On 21st July I flew from Auckland to San Francisco then rode up the spectacularly scenic (cyclists’ code for hilly) coastal highway 101 crossing California, Oregon and Washington. Riding around 160 hilly km/day used a lot of calories, this was my food diary for 25th July:
• 05:30 2 bowls muesli with pint milk banana & peach at roadside campsite under freeway bridge

• 08:30 huevos rancheros & coffee in café at Rio Dell

• 12:00 bread cheese ham tomatoes couscous salad banana outside supermarket in Eureka

• 14:00 banana bread & coffee in Arcata at fast food place (reliable for clean toilets and free wifi)

• 19:00 mug of chilli con carne & half loaf wholemeal with pint chocolate milk at general store in Orica

• In between above sundry snacks as I ride include trail mix nuts & raisins, dry & fresh fruit, chocolate & muesli bars, 1kg of bananas… I’m not sure how many calories this all adds up to but my trousers are still loose!

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On 1st August I took the ferry from Port Angeles over to Victoria BC on Vancouver Island, Canada. 15,000km. From there it took a week to cross the Rockies then a further three weeks across the vast prairie flatlands of Alberta, Saskatchewan and Manitoba where I met a trucker driving uranium ore to the processing plant, he says it’s not safe enough by train! He advised me not to worry about bear or wolf…its moose to beware of – weighing up to 2000lbs and with tiny brain they ram trains and trucks. That night I found safe wild camp between the highway and the railway with ladder up signal gantry for my bear/wolf/moose escape route!
In Ontario I spent a further week riding beside three of the Great Lakes followed by re-entry into USA at Niagara, across to Albany and down the Hudson valley into New York on 8th September. 20,500km. From there I flew to Lisbon in Portugal and rode back to London via Valladolid in Spain, my second antipodal point. On 1st October a huge crowd of family, colleagues and well-wishers welcomed me back to my start point at Bikefix, the shop in central London where I had bought the bike some two years earlier. 22,777km.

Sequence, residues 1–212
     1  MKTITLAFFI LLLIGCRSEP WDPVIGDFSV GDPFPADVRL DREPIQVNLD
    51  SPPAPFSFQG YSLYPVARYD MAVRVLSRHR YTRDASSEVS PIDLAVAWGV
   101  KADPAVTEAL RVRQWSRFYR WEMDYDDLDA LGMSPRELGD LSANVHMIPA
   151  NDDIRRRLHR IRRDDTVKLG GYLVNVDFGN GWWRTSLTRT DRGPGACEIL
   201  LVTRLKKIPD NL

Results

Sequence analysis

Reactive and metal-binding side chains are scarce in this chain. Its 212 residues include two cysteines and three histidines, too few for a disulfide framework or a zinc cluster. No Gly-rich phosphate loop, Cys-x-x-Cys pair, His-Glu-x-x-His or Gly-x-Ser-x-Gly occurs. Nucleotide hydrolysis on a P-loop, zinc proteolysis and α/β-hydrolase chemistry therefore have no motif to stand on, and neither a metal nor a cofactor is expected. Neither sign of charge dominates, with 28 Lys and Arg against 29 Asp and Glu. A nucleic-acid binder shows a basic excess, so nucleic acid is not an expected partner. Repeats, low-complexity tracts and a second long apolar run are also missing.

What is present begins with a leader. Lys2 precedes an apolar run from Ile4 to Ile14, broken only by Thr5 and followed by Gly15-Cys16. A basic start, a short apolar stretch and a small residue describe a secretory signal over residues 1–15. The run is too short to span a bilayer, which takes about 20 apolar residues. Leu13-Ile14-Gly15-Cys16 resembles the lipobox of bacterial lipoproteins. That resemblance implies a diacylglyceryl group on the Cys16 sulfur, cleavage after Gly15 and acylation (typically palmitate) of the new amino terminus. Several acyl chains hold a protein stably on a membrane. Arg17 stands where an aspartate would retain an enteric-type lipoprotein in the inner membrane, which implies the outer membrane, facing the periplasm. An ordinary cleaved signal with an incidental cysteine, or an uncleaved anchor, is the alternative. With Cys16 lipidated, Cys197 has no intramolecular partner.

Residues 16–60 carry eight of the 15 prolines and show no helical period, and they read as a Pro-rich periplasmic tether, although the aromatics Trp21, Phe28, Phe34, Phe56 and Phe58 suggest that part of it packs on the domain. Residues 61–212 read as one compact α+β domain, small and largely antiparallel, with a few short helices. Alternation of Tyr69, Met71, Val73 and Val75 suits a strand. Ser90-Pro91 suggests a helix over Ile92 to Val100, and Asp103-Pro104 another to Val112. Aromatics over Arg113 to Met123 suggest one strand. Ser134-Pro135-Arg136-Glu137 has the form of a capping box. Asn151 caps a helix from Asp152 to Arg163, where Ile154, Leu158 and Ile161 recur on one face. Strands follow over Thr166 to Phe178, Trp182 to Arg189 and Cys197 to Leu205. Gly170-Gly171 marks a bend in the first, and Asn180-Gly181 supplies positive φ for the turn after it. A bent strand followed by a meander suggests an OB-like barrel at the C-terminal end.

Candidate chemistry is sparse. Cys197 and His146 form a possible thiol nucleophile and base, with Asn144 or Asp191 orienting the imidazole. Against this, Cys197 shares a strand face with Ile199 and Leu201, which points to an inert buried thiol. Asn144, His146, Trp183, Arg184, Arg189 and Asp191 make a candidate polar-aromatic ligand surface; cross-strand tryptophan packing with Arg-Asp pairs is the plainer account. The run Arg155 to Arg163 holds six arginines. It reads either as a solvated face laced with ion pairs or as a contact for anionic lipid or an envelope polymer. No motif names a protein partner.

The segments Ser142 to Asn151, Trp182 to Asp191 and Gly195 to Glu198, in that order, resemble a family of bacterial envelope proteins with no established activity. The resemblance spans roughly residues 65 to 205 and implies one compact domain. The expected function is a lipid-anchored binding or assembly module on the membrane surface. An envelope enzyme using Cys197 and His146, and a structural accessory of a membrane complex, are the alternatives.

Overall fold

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The vast majority of people I met were kind, polite, inquisitive and helpful. There were countless acts of spontaneous generosity, most frequently in Kazakhstan where complete strangers paid hotel and restaurant bills, gave cash, shared meals, provided accommodation… Several times I was warned to be wary of the people in the next town/province/country where people are aggressive savages! Upon arrival however I was always met by locals of a benevolent disposition, interested in where I’m from, where I’m going and how old I am (52). The only aggression I faced was on the roads: a sizeable minority of people turn into savage morons as soon as they get behind the wheel or onto a motorbike. Road danger was by far the greatest threat to my safety, and much worse in some countries than others. Best NL; worst Russia.
The bike proved super reliable, only 4 punctures! It was a heavy brute to haul around at 15kg + same again with bags + 6kg of water so uphill and acceleration were accomplished at a rather stately pace. Average cruising speeds in zero/light winds were around 20kmh. My body was as reliable as the bike. No illness whatever, not even a headache or a dodgy tummy.
Lots more photos and information about the trip can be found on my blog.
The charity donations page is still open for Roadpeace:
Next project is to write the book, follow the blog or @laid_back_rich on twitter for progress and updates.